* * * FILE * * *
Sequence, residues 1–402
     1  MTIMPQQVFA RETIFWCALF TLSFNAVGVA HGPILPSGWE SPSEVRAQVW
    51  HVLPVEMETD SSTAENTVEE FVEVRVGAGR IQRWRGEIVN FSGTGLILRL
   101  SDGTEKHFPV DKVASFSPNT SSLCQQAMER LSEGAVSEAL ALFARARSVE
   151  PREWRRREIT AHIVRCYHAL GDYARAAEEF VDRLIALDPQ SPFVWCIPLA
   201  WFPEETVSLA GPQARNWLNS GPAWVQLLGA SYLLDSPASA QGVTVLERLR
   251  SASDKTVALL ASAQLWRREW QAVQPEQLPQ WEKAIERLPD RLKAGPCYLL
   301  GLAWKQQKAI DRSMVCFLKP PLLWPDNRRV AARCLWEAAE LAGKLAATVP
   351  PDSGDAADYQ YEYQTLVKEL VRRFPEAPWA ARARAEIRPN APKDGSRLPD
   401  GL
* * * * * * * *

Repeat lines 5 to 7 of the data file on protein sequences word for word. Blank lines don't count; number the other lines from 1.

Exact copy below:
   151  PREWRRREIT AHIVRCYHAL GDYARAAEEF VDRLIALDPQ SPFVWCIPLA
   201  WFPEETVSLA GPQARNWLNS GPAWVQLLGA SYLLDSPASA QGVTVLERLR
   251  SASDKTVALL ASAQLWRREW QAVQPEQLPQ WEKAIERLPD RLKAGPCYLL